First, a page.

Boise Hawks pitching coach's patience his calling card

Doug Jones has rarely been in a hurry.

His pitches as a closer for seven major-league teams took their time getting to the plate. He didn’t lock down a consistent roster spot until he was nearly 30. At 57, he has his first job as a full-time coach in professional baseball as the Boise Hawks’ pitching coach.

“Very patient,” Jones said. “No one is going to hand you anything in this game, so I’ve had to be that way."

Soft-spoken and still rocking his other calling card, his bushy mustache, Jones’ demeanor is a welcome addition to the clubhouse.

“The first time I talked to him, he was so laid back, I was like, ‘Does he have a heartbeat?’ ” Hawks coach Frank Gonzales said. “No wonder he was so good. He’s so calm; that pressure never got to him. He’s learning a new job, but you’d never know. The kids respect that.”

Jones’ path to five All-Star Games was typical for him — better late than never. Drafted in 1978 by the Brewers, he played in four games with Milwaukee in 1982, but did not play in another MLB game until 1986.

Using a fastball that rarely topped the mid-80s, but also a devastating changeup with excellent control, some nicknamed Jones “The Sultan of Slow. “ He reached his first All-Star Game in 1988, his first season as Cleveland’s full-time closer. He retired after the 2000 season with 303 career saves, all but one after he turned 30.

He hopes his career path can show the Hawks they don’t need 100 mph pitches or that every journey to the pros is an easy ascent.

“There were guys with a lot more talent that quit, got tired of it, but I didn’t want to go home and work,” Jones said. “ If you can’t throw strikes, it doesn’t matter. Pitching, to me, is about changing speeds and location. It’s nice if you throw triple digits, but those other things matter most.”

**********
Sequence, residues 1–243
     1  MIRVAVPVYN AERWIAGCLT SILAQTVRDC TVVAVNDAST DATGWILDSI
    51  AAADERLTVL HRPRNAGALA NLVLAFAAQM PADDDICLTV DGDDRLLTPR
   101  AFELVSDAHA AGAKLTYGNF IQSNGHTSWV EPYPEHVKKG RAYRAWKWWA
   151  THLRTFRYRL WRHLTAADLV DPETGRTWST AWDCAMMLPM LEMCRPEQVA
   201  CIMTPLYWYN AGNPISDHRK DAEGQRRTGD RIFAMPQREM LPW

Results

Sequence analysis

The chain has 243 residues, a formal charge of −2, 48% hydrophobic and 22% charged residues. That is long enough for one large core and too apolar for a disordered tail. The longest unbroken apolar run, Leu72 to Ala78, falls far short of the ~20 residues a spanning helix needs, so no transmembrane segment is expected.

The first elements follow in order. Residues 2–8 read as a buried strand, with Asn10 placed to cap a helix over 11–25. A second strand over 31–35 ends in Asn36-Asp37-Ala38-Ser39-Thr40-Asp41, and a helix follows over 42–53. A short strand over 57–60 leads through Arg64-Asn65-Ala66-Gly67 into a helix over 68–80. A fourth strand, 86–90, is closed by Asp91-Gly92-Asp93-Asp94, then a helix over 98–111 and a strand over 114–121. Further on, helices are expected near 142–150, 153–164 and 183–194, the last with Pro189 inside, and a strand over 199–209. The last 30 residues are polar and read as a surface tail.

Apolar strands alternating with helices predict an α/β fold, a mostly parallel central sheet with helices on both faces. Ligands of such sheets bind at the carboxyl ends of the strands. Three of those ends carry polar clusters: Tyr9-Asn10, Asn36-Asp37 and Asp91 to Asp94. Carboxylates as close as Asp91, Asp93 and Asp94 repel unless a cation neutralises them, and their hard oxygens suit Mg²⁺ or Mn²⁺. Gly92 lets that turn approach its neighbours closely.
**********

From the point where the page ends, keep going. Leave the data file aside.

One of the first workouts Jones had with his pitchers was to have them throw fastball after fastball, not focusing on power, but instead getting it low in the zone to use as the backbone of a repertoire. Before being hired in January by the Colorado Rockies and placed in Boise, Jones spent five seasons as a pitching coach at San Diego Christian, where he coached two of his sons at the NAIA school.

“He didn’t need 98, not even 88. He was a fastball, changeup guy like me. I’m learning how to go inside and out, cut it or sink it a bit like him. Those sorts of things are what help you move up levels,” Hawks pitcher John Sheehan said. “... We’ll probably throw 70 percent fastballs, so we need to get good at it, and he’s making sure we are.”

Growing up in Indiana with a father who built and raced cars, Jones dabbled in auto racing, but said “it didn’t go too well,” noting baseball was “a lot safer.” After helping SDCC to the NAIA World Series in Lewiston last year, and with his eldest son graduated, Jones wanted back in pro baseball. He spent parts of 2006-08 as an instructor at the Diamondbacks’ extended spring training facility in Tucson but wasn’t keen on being away from home while he still had kids in school.

When he got the call from the Rockies earlier this year, his patience paid off. But another Jones was in a rush.

“I’d come home from lunch and had just parked in the garage, talking with them on speakerphone, and my wife’s phone rings,” Jones said. “It was my daughter-in-law, and her water had just broke. So we headed back out. I had a job and a grandson the same day.”

Gonzales joked that with a few more gray hairs than in his playing days, plus that calm demeanor, Jones has given a grandfatherly vibe to his players. The Hawks may not be quite old enough to remember his playing days, but one thing that is still evident in the clips they’ve seen is there every day in the dugout.

“It’s an awesome mustache,” Sheehan said. “I asked him how he possibly can eat with it, and he says he finds a way.”

He always does.